The Democratic candidates' failure to take the lead in crafting the narrative of Trump's impeachment is particularly puzzling since the party's congressional leadership is plainly not up to the task of spearheading the public relations campaign for impeachment. House Speaker Nancy Pelosi (D-Calif.) may be a talented strategist, but she is no longer particularly deft in front of the cameras. The less said about Sen. Minority Leader Chuck Schumer (D-N.Y.), the better. The best and most effective advocates for impeachment have been younger progressives like New York Rep. Alexandria Ocasio-Cortez. And while public opinion has converged, narrowly, on impeaching and removing the president, there are still far too many Democrats telling pollsters they don't support it.
There's another reason 2020 Democrats need to get radical about impeachment, and fast: We have likely not even scratched the surface of revelations about the Ukraine extortion caper. When former top Russia adviser Fiona Hill testified before Congress on Tuesday, she provided merely the latest evidence that Giuliani and Trump's criminal conspiracy to hold the new Ukrainian government over a barrel until it fabricated an "investigation" into the Bidens, and invented tinfoil-hat-catnip about the country's role in the 2016 election was common knowledge throughout the American government.
Acting White House Chief of Staff Mick Mulvaney was involved. Secretary of State Mike Pompeo and Vice President Mike Pence were involved. Their behavior was so bananas that it offended the sensibilities of former National Security Adviser John Bolton, one of the most bloodthirsty human beings alive. Given the extraordinary hamfistedness of this crew and their inability to even whisper competently, let alone successfully keep a real secret, can you imagine the sheer number of people in the State Department and the National Security Council alone who have stories to tell? If I were running for president, I wouldn't want to be the one slow-playing this.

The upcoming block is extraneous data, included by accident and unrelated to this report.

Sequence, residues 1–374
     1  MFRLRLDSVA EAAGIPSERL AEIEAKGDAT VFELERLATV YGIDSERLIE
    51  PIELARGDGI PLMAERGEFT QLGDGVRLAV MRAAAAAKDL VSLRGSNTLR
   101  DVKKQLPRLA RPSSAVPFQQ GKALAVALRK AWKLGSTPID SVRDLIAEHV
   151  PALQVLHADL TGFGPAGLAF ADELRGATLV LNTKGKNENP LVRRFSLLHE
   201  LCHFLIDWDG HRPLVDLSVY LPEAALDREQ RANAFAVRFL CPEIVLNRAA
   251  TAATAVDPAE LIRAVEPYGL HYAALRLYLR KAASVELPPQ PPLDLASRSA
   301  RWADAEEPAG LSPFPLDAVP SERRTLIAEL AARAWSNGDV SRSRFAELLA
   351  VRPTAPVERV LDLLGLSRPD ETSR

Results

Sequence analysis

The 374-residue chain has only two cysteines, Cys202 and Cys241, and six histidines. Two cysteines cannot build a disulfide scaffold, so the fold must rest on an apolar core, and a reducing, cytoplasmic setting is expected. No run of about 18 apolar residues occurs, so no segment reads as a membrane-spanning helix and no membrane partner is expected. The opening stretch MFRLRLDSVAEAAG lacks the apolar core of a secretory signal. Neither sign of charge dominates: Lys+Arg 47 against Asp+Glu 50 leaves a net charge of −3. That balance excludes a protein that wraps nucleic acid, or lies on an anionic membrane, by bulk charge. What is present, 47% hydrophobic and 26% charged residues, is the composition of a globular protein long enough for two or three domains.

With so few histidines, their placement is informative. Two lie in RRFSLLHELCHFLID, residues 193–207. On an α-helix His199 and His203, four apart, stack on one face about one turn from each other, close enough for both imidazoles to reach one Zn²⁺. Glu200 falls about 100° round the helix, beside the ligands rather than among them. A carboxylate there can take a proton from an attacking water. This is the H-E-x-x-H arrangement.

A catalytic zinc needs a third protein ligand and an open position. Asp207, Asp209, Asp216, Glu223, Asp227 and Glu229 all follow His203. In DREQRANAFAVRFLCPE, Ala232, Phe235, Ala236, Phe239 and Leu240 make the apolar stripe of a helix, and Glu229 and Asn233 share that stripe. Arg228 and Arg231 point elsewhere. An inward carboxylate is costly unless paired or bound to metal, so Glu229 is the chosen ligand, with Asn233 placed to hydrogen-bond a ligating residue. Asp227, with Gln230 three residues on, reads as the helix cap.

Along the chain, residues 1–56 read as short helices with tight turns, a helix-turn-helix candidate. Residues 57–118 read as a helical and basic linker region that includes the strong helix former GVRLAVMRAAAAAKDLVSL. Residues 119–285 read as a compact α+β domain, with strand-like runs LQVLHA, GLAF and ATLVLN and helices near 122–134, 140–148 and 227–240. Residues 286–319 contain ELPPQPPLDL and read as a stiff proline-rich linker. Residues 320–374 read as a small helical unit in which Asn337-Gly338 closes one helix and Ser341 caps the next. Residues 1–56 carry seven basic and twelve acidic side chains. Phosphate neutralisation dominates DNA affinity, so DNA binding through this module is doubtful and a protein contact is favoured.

Getting radical about impeachment means more than just uttering "no one is above the law" before getting back to the "kitchen table" issues that some party elites think are more important and more salient to the voting public. The best argument against Trump involves tying the corruption of the president and his family to the casino capitalism the Republican Party has foisted on American society, where the rich are subject to an entirely different legal and financial order than everyone else. Self-dealing at Mar-a-Lago and the president's children getting rich during his presidency and the coddling of oligarchs and dictators and the brazen scheme in Ukraine and the audacious claim that it is all 100 percent above congressional scrutiny are all part of the same story: impunity.
Whoever gets the Democratic nomination will quickly become the party's de facto ideological and political leader. If that person can't speak, at length and in ways both convincing and devastating, about why the president's conduct in office has been both fully self-interested and deeply criminal, they are kicking away an opportunity to keep the public focused on the worst and most disruptive features of the Trump presidency, things that represent a multi-front assault on democracy itself. And while there are obviously other issues to litigate and run on, impeachment really ought to be front and center of the debate Democrats are having amongst themselves today.